The cause template is an array that can be any mix of strings and references to the source and target that triggered the rule. Constants are provided that allow you to refer to source and target. Here is an example cause:

const c = require('story-graph').constants;

const cause = {
  type: [ dancer, c.ENCOUNTER, dancer ],
  template: [ c.SOURCE, 'dances with', c.TARGET]
}

When the cause is matched with actors StoryGraph will replace the source and target constants in the template portion of the cause with the name of the actors. That means if actors named "Bob" and "Sally" are matched with the rule above, StoryGraph will add "Bob dances with Sally." to the output.

consequent
The type property of consequent is different from the type property of cause: it is the type of event that is triggered by the rule as a consequence of the rule being matched, like a chain reaction. If you want a rule that results in an actor being removed from the world you can use constants.VANISH in the consequent type, but all other action types will trigger a search for a matching rule. The template of the consequent is any mix of strings and references to the actors that triggered the rule. The consequent template will produce a string describing the outcome of the interaction when the rule is triggered.

This distinction is important: The consequent type describes an event that will trigger a rule after the current rule is done, the consequent template describes a sentence that will be rendered by the current rule as part of its execution. This means that a rule can render both the cause and effect of an event as output but it can also serve as the cause of another rule. Here are two examples, one to match the cause given above and one to demonstrate the vanish constant:

consequent: {
    type: [], // this rule doesn't trigger anything else
    template: ['The crowd admires the dancing skill of', c.SOURCE, ' and ', c.TARGET]
}

consequent: {
  type: [ c.SOURCE, c.VANISH ], // this rule removes the source from the graph
  template: [ c.SOURCE, 'disappears into thin air' ]
}

directionality
The isDirectional property must be set to tell the graph how to match rules. If this property is set to false then the order of the actors will be ignored when finding a match. When the source and target are qualitatively different actors and the action is truly directional you should set this property to true.

mutations
If you want to mutate the actors involved in an event you can add a mutations function to your rule. The mutations function takes the source actor and target actor as parameters. This allows you to alter the types of actors as a part of the consequence of the rule being activated, for which you can use the remove, add, and replace helpers on the actors type:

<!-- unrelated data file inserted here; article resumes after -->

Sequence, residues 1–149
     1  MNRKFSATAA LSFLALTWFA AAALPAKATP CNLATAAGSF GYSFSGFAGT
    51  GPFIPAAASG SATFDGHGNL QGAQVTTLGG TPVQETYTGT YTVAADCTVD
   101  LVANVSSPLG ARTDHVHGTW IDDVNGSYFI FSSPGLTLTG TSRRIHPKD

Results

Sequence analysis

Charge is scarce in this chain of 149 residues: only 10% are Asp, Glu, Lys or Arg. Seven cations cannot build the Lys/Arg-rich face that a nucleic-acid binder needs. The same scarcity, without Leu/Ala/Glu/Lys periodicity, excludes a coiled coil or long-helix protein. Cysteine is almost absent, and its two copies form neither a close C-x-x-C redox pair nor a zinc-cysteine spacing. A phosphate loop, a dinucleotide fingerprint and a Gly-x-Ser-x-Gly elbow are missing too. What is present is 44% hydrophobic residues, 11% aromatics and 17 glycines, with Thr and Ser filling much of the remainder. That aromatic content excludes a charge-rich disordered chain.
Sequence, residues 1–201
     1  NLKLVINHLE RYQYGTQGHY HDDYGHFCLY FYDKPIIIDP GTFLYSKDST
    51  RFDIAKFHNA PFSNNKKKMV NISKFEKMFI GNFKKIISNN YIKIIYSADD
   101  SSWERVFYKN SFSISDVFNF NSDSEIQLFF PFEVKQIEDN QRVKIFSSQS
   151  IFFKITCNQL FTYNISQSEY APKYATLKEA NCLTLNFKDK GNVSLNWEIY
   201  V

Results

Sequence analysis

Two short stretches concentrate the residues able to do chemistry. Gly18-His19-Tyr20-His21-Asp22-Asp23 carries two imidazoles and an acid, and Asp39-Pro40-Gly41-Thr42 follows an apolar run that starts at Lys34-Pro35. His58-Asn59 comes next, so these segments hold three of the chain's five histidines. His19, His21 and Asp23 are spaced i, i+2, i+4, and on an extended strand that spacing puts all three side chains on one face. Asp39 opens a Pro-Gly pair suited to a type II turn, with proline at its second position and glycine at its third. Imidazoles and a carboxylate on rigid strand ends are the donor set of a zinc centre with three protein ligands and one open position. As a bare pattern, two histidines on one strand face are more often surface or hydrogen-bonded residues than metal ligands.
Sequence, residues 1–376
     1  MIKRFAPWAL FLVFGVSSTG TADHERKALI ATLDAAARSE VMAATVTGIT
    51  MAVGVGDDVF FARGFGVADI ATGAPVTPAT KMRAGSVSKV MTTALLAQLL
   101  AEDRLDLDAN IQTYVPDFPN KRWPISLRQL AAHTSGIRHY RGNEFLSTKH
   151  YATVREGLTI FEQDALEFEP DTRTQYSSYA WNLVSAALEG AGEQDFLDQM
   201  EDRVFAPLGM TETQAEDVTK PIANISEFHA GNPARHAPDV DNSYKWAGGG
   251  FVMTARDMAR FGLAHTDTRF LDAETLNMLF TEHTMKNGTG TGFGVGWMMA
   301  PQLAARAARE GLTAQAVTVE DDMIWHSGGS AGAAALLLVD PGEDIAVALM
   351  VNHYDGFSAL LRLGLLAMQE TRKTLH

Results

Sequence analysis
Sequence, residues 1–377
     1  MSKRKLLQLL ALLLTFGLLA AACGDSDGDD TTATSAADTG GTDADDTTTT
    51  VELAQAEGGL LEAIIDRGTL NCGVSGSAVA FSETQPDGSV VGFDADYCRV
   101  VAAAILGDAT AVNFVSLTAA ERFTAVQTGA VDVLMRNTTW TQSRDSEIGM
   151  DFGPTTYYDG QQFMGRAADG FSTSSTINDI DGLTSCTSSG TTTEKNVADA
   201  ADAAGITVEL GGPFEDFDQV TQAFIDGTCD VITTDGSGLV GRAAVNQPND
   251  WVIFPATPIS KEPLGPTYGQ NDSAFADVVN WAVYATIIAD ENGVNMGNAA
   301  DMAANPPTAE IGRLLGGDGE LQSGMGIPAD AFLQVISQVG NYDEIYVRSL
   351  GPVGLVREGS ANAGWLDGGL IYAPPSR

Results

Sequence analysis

{
  cause: [ handsome.extend(boy), meets, pretty.extend(girl) ],
  consequent: [ c.SOURCE, 'starts dating', c.TARGET ],
  isDirectional: false,
  mutations: function(source, target){
    source.type.replace('single', 'dating');
    target.type.replace('single', 'dating');
  }
}

consequent actor
We've already seen how a rule can trigger another event, but a rule can also create a new actor in the world. If you want a rule to produce an actor add the actor's definition in the consequentActor property of the rule. Consequent actors have a couple of special properties: first they can have members. Because the consequent actor is a product of some other set of specific actors triggering a rule it makes sense that those actors might merge or compose to create the consequent actor. Moreover, the name of the consequent actor might involve the names of the actors that triggered the rule, so there is an initializeName function that takes the instance of the new actor and the world instance as parameters and returns a string that will be set as the name of the new actor instance. This allows you to use the members of the new actor to set the name. Here is a full rule example:

world.addRule({
  cause: {
    type: [smart(person), c.ENCOUNTER, smart(person)],
    value: [c.SOURCE, 'meets', c.TARGET]
  },
  consequent: {
    type: [],
    value: [c.SOURCE, 'and', c.TARGET, 'start chatting']
  },
  isDirectional: false,
  consequentActor: {
    type: casual(discussion(gathering)),